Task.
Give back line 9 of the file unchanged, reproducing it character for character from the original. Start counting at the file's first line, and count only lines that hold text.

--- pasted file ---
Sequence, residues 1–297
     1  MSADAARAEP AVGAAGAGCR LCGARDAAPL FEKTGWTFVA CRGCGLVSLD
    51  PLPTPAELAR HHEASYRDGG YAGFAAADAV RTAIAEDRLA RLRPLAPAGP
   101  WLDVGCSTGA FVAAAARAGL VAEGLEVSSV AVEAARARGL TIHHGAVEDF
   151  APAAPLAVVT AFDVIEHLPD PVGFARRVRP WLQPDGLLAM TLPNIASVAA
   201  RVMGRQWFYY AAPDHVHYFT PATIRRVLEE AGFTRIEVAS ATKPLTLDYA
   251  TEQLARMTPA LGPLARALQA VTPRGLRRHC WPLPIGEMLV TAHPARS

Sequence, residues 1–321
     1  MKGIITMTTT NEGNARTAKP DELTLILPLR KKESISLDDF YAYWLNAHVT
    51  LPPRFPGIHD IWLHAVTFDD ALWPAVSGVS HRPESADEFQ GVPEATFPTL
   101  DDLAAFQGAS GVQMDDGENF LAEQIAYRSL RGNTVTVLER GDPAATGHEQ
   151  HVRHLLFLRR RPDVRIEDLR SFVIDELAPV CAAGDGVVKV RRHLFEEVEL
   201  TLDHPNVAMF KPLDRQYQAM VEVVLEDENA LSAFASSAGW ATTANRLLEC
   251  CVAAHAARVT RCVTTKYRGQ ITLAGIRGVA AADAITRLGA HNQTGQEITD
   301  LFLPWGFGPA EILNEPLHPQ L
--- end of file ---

     1  MKGIITMTTT NEGNARTAKP DELTLILPLR KKESISLDDF YAYWLNAHVT